Just two weeks ago, the Canadian Wind Energy Association announced that it was closing its office and leaving B.C. because the government and B.C. Hydro are just not interested. Last year we saw the same thing with EDP Renewables — no interest from the government for a roughly $1 billion wind power investment off southern Vancouver Island. That company has walked as well.
Despite the potential in this province, clean energy investment is leaving British Columbia in droves. The B.C. Liberals’ dream — they continue to dream of LNG — has not materialized, but they’re still using billions of taxpayer money to gamble on projects designed to support it. They are pushing risky projects past the point of no return and, in so doing, clean tech investment out of our province.
Let’s take a look at these LNG figures that the Minister of Environment has presented in the budget, figures that were supposed to help fuel a prosperity fund instead of it being fuelled through MSP premium increases and so forth, which this amendment is attempting to address.
I love talking about LNG. I love talking about it, just like I loved talking about the tooth fairy when I was a little child. Those of us outside the government’s self-congratulatory circle of hyperbola know that they had….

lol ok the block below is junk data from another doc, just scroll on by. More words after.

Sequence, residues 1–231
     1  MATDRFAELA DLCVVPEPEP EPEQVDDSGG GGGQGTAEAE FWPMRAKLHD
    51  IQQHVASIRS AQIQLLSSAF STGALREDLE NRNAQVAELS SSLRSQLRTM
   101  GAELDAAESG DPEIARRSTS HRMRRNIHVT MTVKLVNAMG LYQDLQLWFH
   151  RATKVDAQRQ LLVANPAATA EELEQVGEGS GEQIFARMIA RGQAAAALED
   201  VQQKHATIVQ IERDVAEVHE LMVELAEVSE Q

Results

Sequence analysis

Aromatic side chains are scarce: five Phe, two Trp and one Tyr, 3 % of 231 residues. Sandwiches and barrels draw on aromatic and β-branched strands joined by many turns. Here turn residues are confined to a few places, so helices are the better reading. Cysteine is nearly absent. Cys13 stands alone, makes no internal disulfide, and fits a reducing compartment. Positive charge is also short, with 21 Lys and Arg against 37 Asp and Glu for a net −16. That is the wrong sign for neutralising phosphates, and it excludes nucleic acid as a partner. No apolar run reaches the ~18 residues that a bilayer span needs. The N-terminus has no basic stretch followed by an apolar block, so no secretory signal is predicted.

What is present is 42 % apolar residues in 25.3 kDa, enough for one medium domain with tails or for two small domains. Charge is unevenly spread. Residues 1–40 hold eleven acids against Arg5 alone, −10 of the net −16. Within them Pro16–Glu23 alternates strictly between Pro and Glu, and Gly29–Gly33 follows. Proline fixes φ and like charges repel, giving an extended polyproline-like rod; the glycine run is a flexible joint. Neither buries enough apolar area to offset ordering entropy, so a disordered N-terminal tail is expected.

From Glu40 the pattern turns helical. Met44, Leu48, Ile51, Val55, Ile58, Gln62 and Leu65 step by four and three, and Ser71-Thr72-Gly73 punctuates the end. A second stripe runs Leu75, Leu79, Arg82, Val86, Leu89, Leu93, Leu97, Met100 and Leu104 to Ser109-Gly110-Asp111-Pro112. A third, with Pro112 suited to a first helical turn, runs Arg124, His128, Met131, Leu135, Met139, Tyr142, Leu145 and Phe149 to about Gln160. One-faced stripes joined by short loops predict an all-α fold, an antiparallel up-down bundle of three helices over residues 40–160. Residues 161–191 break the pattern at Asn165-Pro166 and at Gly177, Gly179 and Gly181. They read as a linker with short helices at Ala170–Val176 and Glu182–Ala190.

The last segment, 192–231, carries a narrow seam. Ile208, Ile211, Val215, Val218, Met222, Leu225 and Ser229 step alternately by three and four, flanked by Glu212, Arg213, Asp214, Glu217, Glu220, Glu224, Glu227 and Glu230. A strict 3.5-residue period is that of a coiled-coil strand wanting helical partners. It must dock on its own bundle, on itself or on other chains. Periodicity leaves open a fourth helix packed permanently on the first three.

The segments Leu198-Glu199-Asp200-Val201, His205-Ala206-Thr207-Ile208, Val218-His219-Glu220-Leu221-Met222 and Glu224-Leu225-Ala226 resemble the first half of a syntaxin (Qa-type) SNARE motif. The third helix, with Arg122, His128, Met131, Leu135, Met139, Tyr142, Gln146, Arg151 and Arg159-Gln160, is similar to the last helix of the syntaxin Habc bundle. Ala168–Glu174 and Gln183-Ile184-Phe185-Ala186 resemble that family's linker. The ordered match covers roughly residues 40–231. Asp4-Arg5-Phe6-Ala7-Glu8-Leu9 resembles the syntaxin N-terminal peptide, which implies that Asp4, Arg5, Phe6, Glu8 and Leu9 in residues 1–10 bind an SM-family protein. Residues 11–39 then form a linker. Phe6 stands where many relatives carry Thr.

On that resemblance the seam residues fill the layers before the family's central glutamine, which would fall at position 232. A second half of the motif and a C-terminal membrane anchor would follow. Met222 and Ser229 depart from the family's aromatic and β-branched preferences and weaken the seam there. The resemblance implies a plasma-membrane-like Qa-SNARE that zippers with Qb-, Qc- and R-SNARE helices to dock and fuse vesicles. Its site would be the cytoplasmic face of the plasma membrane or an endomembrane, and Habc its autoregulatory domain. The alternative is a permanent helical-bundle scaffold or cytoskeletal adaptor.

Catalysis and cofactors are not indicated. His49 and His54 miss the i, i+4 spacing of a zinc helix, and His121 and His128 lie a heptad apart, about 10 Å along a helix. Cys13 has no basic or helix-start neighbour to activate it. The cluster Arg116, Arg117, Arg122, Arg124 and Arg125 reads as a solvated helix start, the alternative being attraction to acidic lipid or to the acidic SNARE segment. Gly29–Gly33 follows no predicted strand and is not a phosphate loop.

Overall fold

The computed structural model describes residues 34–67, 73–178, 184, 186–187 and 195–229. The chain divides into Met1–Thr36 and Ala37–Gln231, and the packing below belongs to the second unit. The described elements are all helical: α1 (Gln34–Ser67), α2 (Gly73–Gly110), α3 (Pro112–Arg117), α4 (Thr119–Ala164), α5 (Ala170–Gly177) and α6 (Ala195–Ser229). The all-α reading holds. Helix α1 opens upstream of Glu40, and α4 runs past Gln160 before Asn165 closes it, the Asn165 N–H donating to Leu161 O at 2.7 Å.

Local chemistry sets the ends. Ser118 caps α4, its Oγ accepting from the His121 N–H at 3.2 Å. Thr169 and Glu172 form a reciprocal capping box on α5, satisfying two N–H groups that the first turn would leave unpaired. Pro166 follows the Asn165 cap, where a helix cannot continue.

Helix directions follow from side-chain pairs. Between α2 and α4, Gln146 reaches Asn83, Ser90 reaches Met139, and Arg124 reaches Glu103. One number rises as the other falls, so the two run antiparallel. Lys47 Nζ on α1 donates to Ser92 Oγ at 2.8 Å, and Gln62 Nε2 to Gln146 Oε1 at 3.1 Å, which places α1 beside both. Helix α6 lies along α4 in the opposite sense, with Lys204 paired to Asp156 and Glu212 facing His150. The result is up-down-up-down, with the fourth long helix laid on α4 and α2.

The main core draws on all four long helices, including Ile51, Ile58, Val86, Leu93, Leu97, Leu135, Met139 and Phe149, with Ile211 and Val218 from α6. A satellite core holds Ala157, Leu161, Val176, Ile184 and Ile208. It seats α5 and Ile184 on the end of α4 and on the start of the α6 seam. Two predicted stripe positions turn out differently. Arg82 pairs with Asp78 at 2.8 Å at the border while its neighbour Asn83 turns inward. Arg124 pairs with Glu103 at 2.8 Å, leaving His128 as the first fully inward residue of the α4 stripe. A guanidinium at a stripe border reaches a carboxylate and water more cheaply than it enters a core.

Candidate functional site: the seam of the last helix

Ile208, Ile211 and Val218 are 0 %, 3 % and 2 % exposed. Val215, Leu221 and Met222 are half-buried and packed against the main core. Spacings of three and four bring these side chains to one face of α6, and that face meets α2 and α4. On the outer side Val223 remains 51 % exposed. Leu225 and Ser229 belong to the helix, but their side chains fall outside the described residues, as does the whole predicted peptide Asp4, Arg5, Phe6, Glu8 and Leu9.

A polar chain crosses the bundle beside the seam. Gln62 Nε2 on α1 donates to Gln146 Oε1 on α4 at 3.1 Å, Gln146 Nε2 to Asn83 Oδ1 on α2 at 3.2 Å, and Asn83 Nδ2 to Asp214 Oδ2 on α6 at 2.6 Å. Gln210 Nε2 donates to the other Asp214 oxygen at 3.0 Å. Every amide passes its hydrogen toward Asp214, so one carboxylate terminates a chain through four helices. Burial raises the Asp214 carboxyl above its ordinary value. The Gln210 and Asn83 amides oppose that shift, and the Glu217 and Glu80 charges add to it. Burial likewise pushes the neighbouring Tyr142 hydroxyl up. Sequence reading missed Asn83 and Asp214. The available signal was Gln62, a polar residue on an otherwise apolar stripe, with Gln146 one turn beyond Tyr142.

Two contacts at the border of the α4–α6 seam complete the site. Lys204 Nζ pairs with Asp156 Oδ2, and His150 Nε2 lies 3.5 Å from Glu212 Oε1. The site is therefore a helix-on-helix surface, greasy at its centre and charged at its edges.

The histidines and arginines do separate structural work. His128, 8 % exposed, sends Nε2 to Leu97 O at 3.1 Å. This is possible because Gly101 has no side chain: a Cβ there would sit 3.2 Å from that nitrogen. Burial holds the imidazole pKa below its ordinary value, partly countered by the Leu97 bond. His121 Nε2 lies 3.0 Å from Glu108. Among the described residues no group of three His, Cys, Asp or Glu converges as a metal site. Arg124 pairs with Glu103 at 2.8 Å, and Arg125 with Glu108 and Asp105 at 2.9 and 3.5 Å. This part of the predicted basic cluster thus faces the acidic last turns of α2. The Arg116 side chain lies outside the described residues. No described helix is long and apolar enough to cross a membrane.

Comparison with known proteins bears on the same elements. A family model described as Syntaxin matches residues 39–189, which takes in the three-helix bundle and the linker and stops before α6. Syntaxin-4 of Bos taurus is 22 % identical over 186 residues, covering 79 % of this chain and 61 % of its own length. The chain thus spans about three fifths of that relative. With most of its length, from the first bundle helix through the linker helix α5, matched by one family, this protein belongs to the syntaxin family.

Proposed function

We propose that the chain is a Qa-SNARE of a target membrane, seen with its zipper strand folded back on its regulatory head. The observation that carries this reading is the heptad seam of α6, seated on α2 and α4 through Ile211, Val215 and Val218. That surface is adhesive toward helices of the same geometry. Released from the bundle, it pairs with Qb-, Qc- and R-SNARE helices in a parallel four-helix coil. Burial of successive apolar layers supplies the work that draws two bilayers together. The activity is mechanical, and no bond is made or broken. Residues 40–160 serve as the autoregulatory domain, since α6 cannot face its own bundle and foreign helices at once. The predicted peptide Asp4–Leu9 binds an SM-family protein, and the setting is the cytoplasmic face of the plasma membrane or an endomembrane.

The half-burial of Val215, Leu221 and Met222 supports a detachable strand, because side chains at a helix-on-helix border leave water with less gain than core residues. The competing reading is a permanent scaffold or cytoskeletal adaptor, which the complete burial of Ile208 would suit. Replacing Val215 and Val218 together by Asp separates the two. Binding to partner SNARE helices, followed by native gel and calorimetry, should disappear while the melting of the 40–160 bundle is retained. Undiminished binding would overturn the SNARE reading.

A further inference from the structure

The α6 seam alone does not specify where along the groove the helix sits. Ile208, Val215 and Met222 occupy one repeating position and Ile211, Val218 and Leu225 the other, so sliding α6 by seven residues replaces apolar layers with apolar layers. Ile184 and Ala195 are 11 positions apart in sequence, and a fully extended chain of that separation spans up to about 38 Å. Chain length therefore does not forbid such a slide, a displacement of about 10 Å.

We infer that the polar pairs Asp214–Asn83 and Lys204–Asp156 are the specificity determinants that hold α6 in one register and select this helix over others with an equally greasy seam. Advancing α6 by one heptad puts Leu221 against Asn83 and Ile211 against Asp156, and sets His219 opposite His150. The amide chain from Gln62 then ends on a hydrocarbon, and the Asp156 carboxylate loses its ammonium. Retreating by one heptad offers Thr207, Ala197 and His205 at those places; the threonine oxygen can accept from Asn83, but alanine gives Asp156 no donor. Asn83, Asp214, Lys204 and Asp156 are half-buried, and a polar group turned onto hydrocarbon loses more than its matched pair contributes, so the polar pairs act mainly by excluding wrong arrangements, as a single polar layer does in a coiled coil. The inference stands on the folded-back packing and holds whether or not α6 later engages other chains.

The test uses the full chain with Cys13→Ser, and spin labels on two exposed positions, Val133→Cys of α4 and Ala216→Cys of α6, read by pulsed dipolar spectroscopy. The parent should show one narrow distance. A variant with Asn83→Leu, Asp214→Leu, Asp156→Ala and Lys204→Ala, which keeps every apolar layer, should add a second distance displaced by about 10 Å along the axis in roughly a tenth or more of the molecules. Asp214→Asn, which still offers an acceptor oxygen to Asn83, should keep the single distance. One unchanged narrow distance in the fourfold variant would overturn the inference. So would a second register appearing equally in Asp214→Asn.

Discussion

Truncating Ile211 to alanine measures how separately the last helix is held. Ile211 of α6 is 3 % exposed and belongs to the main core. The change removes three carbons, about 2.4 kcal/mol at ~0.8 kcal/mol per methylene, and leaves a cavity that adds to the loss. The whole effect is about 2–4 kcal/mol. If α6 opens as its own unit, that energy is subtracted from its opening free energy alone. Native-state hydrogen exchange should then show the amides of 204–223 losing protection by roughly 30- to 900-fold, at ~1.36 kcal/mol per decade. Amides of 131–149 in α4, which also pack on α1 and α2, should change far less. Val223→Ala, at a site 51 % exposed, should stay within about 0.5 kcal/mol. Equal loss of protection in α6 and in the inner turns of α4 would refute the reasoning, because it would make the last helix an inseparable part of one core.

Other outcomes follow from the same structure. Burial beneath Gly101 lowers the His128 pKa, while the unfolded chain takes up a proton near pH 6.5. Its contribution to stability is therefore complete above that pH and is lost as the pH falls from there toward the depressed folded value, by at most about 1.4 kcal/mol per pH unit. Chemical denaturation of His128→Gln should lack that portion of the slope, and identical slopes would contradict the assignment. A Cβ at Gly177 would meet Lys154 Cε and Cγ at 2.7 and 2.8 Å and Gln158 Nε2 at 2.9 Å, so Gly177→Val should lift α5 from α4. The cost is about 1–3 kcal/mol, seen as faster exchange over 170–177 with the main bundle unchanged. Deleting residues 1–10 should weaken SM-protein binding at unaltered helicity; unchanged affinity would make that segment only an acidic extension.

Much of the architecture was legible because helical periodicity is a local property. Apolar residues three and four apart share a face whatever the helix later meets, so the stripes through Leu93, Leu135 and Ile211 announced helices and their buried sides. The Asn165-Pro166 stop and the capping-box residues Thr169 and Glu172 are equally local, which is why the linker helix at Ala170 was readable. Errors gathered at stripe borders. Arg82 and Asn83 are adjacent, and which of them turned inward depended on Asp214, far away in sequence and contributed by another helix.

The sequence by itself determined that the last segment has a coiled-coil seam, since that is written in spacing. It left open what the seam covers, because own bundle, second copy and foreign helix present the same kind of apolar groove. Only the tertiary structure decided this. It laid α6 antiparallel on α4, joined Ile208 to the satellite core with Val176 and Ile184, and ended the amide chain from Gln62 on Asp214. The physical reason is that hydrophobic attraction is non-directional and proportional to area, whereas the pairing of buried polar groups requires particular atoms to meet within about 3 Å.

Hon. A. Wilkinson: Hyperbole. “Hyperbola” is a mathematical term.
A. Weaver: Hyperbole. Thank you to the Minister for Advanced Education for pointing out that hyperbola is a mathematical term.
Those of us outside of government’s self-congratulatory circle of hyperbole already know that they have no hope of tapping into an LNG market in the short term, no hope whatsoever. No amount of tax cuts, no amount of subsidies to the industry, no amount of praying to the LNG god…. We just know it’s not going to happen. They’ve tried and failed.
This year’s budget shifted the LNG story to a future supply-demand gap slotted to emerge ten years from now. Uh-oh. Never mind the “unforeseen global conditions.” So how are we going to make ends meet? We’re going to tax those who are least able to afford it through increases in MSPs, increases in hydro rates and so forth, which is exactly what this amendment is trying to quantify and recognize.
Now we’re talking about LNG in, say, the mid-2020s, something that I’ve been saying for quite some time. Yet the government’s track record of repeatedly failing to predict the LNG future even months in advance does not instill in me, let alone in British Columbians, with any confidence as to what their projected supply and demand will be like in 2030.